A marble-llous day off in Venice
As hard as it is to believe, 2017 is almost over. It’s time to sum it up but also to take a team break to recover the energy and motivation for these last working days of the year.
And that’s exactly what we did a couple of weeks ago when we enjoyed a formative day in Venice.
For us, this day off was a way to get together and do something fun and constructive at the same time, thus improving motivation and productivity, reducing stress.
We first visited Orsoni, the famous Venetian producer of hand-cut artisanal mosaics and probably one of the most famous and well-known companies in this sector. Orsoni focuses on innovation and provides designers with an extended offer of handmade decorative solutions. It’s internationally known for their particular design and ancient know-how, their important and special projects, their attention to detail and, of course, for their “Made in Italy” trademark.
One of the peculiarities of the company is that “Orsoni Furnace” is the only mosaic tile furnace still functioning in the historic centre of Venice. A traditional Italian factory that uses the same ancient production process as you may see visiting the production area where workers craft these beautiful tesserae. A productive method we enjoyed trying personally!
Worthy of attention is also the ‘Color Library’, a room where thousands of sheets of coloured mosaic glass tiles are catalogued in different tones; an endless combination of shades used all over the world. A very relaxing and suggestive place, difficult to leave.
Definitively a precious discovery of such a company so akin to us and of people creating this luxury Italian design.
In the afternoon, we enjoyed the ‘Treasures from the wreck of the unbelievable‘ exhibition by artist Damien Hirst, taking place at Palazzo Grassi and Punta della Dogana, two contemporary art museums in Venice.
The story around the exhibition is fascinating. The artist’s project is based on a legend – of an ancient wreck and its impressive cargo, several artworks, belonging to a freed slave named Aulus Calidius Amotan – used by Hirst to validate his work. It’s a mythical expedient rather than a real history and the lie and the fable are slowly revealed to visitors giving them different clues through the several exhibition rooms.
With this project, Damien Hirst reflects on the concepts of truth, belief and art. As the British contemporary artist’s storytelling and visual creations proceed, you can notice that he’s thinking about what art represents today and which its value is. Through this exhibition, he elaborates a double thought about art as a unique and unrepeatable work versus art as an element you can reply how many times you need or wish, for example by a copy or mass production.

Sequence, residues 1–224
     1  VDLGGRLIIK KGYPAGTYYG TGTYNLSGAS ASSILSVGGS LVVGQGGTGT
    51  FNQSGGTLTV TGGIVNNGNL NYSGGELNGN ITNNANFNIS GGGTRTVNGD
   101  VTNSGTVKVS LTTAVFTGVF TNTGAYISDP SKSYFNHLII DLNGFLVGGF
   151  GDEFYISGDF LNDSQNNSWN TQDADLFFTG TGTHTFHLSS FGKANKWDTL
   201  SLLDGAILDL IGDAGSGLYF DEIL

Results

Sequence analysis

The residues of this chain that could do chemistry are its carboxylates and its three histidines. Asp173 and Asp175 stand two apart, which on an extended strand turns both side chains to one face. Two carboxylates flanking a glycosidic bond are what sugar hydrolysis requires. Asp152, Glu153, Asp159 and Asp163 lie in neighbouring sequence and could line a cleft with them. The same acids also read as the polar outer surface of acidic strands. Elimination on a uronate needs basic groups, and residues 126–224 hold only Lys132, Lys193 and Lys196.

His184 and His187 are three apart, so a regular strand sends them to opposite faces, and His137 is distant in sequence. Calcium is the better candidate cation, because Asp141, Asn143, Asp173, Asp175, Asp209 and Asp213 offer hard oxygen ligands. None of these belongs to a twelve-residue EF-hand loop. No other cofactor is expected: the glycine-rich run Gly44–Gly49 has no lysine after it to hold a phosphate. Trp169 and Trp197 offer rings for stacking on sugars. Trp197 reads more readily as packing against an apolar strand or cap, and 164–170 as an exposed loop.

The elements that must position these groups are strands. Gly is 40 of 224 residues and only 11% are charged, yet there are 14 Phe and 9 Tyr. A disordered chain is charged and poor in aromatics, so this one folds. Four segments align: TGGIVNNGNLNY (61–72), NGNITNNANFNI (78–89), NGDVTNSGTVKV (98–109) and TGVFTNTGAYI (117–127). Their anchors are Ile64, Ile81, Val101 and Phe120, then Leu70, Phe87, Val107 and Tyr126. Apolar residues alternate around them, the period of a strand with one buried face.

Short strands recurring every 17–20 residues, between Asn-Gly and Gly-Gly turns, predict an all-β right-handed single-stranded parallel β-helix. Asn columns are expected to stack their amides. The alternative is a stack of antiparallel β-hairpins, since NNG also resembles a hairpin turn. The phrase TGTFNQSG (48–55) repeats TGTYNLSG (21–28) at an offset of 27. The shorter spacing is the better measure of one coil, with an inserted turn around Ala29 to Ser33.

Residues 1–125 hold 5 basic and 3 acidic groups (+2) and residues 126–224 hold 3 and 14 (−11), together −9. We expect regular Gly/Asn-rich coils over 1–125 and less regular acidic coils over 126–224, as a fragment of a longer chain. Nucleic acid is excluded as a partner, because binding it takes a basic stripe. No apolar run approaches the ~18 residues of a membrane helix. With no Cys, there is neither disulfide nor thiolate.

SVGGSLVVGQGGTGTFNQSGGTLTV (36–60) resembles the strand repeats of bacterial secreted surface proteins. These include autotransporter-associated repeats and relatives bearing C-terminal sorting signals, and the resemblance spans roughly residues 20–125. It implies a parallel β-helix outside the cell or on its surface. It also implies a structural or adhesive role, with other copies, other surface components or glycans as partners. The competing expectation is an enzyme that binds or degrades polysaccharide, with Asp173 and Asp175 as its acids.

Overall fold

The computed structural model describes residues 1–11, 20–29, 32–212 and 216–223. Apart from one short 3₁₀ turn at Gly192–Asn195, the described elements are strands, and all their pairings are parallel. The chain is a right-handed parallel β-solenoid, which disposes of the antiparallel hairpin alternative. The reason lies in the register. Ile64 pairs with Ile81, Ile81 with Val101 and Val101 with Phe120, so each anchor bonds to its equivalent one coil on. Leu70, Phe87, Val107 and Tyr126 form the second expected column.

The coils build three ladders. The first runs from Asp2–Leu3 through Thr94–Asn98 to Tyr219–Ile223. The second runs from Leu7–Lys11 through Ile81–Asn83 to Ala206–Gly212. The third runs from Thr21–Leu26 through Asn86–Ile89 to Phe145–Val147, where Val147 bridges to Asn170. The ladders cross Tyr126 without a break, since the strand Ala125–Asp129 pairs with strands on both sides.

You can also observe that he’s playing with historical and mythological references, mixing together traditions with pop and contemporary cultures – you can unveil singer Rihanna’s or actress Sienna Miller’s faces from both an Egyptian-style and an ancient Greek-style statues or find connections between some Hirst’s works of art and those of some important artists of the past. Hirst proposes copies of classical works realized in a modern way. They are not really copies but re-elaborations and therefore artworks on their own. During the centuries the same concept of copy has changed. Indeed, in ancient times, works of art were copied as a sign of admiration and homage towards a particular example of artistic perfection.
Many of these works are made of marble and other ancient materials and have been carved out as a serial production and replicated on various scales, like a range of products created through mass production techniques. A concept that counterpoises elements worked by mass production – all similar to each other- and the material used to create them, especially whether they’re made of marble or other natural stone as their finishes might marginally diverge even if they come from the same slab. And if you think of the incredible number of creations or their impressive sizes, you can easily notice artisans’ technical abilities in creating them, paying specific attention to details.
The artist’s reflection begins at Punta della Dogana with the entrance phrase “Somewhere between lies and truth lies the truth” and ends at Palazzo Grassi with the sculpture of two malachite hands joined in prayer position. A closing invitation or an act of faith towards art Hirst suggests visitors as his personal answer.
Leaving the show Hirst makes us ask some questions.
What is art? Is it in the art of creating or copying? Which is the border between copying and reworking starting from something already existing?
How important is it to recognize what is true, surrounding ourselves with it?
Are we really able to distinguish what is true and what is false?
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